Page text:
Back in time to Christmas now. I am fairly confident in saying that the “man-thing” of putting the fairy lights on a family Christmas tree, has lead to many a festive confrontation – not only in our house, but in every house up and down the country. The problem in our house was the method of putting the tree lights away at the end of the festive period. Twelfth night would come around, and it was always a mad scramble to get the decorations down. Consequently, unlike my OCD hubby, who insists that everything goes away so it comes out reasonably well the following year, my Dad followed the basic man-principle of take-down, roll in a ball, stuff in a box … and worry about it 12 months later. And yes, we did have to worry about it 12 months later. That hastily rolled ball of fairy lights seemed to manifest itself into a tangled web, that only the most intelligent of spiders could have woven. I may be wrong, but a little part of my memory recalls a bit of huffing, a lot of puffing, and then my Mum would take a trip to the Supermarket to get some new lights, on the promise that this time they would go away carefully … if only!

Of course, there is lot of be said for putting the decorations away carefully, and I shall recount you this story. Shortly after Steve and I got married, we took a trip to one of Steve’s most hated haunts … A local wholesaler … Makro by name (and according to Steve … Makro-Yuck). Here, we bought our tree lights, and a really lovely carousel of six horses, which was accompanied by a small fairground organ, that churned out about eight tunes on loop. Over 25 years later, this small piece of “back in time” Christmas memorabilia comes out each year and looks as good as it did when it was bought. Pity about said hubby – but you can’t have it all, can you?

Now to presents … When we were kids, these were things you longed for. Unlike today, where the concept of wait and see what happens, has completely gone out of the window, we loved the anticipation of presents. My most vivid back in time memory on this front, is of my sister, Debbie, and I waking on a Christmas morning, to find a full-sized swing in our bedroom. How Santa managed to magic it into our bedroom is still a mystery, but what fun we had – and it didn’t matter if it was raining or snowing outside, we just had lots of fun.

One of the most striking things about the Back in Time TV programme that looked at presents, was the horrible and brittle plastic that the presents were made of. It only took a boisterous motion, and that cherished piece of plastic was in bits on the living room floor, and then you knew it would be ages before it got replaced. If you’re like me, and your birthday falls at the end of the year, you will know what an agony that was. We had the usual array of dolls, and (of course) my most iconic doll, is the one that sits next to me on the front cover of my book. Sadly, like lots of childhood memorabilia, you forget just how precious something is, until you can’t find it. I think that little lady in safely housed in one of the boxes in our attic, but I guess it will only be when we have another major spring clean that it will come to light again. However, little did anyone know how publicised would be that doll’s presence on the world wide web, when I received it as a present – Come to think of it back in time then, we didn’t even have the internet. Now, what would we do without those three little letters … “www” or that inimitable phrase “Google”.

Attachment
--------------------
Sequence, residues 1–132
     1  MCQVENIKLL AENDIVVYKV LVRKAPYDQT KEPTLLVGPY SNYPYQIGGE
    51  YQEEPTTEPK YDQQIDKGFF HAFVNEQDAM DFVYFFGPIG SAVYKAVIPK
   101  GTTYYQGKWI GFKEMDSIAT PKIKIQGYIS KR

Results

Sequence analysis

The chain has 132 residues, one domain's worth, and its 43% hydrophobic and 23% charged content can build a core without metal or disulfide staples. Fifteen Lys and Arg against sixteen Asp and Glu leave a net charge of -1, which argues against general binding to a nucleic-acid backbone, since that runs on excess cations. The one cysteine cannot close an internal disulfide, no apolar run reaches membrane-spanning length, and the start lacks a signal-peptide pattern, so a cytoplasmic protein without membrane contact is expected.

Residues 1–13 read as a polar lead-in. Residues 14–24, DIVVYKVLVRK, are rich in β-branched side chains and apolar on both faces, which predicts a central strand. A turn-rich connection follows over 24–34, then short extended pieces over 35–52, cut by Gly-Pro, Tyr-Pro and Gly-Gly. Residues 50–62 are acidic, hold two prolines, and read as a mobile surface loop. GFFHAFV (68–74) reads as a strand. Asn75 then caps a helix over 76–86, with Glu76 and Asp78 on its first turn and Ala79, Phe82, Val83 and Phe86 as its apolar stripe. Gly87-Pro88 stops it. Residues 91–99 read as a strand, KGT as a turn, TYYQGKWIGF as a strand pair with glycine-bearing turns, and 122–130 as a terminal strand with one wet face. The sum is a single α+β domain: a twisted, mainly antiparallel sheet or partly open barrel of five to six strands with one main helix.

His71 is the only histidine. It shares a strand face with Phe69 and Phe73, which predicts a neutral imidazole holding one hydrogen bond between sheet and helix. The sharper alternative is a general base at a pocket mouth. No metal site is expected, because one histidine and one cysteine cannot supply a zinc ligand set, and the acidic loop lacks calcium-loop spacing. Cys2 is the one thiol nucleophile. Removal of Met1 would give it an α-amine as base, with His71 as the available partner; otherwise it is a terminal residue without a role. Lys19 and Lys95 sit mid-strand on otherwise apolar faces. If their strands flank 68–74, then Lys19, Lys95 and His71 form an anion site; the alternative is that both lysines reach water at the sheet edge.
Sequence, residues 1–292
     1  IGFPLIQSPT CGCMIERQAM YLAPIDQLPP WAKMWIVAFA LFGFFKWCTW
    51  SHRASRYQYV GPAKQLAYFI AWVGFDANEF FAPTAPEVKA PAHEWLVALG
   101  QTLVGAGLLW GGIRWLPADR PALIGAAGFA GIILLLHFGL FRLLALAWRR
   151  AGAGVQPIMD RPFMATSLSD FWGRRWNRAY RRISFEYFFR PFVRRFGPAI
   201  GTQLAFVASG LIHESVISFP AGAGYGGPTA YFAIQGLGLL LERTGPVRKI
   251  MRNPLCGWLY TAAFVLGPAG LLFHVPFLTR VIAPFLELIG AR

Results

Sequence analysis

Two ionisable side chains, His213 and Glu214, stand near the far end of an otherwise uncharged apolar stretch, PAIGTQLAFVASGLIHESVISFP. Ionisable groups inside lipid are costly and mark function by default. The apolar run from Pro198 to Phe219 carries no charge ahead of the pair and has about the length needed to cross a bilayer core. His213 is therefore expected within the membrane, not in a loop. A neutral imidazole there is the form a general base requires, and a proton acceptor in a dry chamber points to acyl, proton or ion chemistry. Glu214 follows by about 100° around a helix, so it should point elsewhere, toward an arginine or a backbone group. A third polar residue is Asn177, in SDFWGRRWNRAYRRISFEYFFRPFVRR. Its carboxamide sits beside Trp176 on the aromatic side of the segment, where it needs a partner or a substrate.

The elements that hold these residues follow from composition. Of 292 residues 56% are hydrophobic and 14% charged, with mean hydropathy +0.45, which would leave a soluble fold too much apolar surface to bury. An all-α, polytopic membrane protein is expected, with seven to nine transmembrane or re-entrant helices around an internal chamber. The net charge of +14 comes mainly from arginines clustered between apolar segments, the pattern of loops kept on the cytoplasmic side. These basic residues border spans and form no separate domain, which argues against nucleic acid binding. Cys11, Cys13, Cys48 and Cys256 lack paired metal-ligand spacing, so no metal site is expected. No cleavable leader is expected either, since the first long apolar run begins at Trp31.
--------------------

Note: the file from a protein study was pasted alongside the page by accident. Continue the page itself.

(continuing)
Returning to the series, we oohed and aahed over all the things of which Back in Time reminded us. Some cringeworthy (like the fashions) and some that gave a lovely warm glow when you remembered a time that lingers in the distant memory. However, when it came to gadgets, the one thing that Steve most reminisced about was Etch-a-Sketch. Apparently he loved his Etch-a-Sketch. Could that have something to do with OCD and his love of straight lines? Being reminded of just what he was missing, he promptly discovered a digital version, and now sits quietly playing Etch-a-Sketch on his iPad whilst I do what I’m best at doing, and that’s watching TV which doesn’t take me back in time. NOTE: Breaking news … I’ve been told that with the digital Etch-a Sketch version can do curves as well as straight lines – That’s progress for you!

We often chat with family and friends about times past, and I have no doubt that further generations will do likewise. I wonder if James will tell his kids about falling into the swimming pool whilst on holiday, but surfaced clutching his ice-lolly like the Statue of Liberty, or when, during primary school sports days, he would stop and fold his clothes – rather than run for the finishing line! Will he spill the beans about how his father parked a wheelchair on his toes, and continued talking to one of my PA’s … rendering the poor child speechless; will he be able to remember when he met Fireman Sam’s boss – who just happened to a very senior fire officer from Scotland, and organised a trip to the Cardiff Fire Station to see Sam slide down the Fireman’s Pole. And, will he remember asking a former senior Executive of a Charity, with which we have an association (and a former member of the RAF), whether he had flown airplanes in the second world war. I hasten to add the gentleman in question wasn’t even born until after the war! Just some of those cringeworthy memories that will doubtless crop up in the future when we do our own family version of Back in Time.

And so it’s time for me to jump (metaphorically speaking of course) into my De Lorean supercar and come back to the future – or at least 2016. At the start of the summer, as we all start to plan our traditional summer holidays, and then in September start to think about Christmas (or in August – if you shop in Walmart or Asda!) spare a thought for the two lovely suburban families who went back in time for our pleasure. The lessons which they learned from their experiences will stand them in good stead to enjoy the future, having a better understanding of the past.

With or without tinted spectacles, looking back is fun. Looking forward is far more daunting, as we don’t know what to expect until we get there, and even then, it’s up to us to make the best of what we have.

I hope this brief trip back in Moriarty-Simmonds time, has spurred you onto going back in your own time. Some things you’ll remember with pride, some things with not so much pride; but one thing is for certain you’ll have a laugh along the way, and might even rediscover hidden gems of family treasure that will have you craving for more.

Can’t wait for the next series … Wherever it goes and whatever it covers, I’m sure it will be interesting, informative and thought-provoking … Just like my Blogs!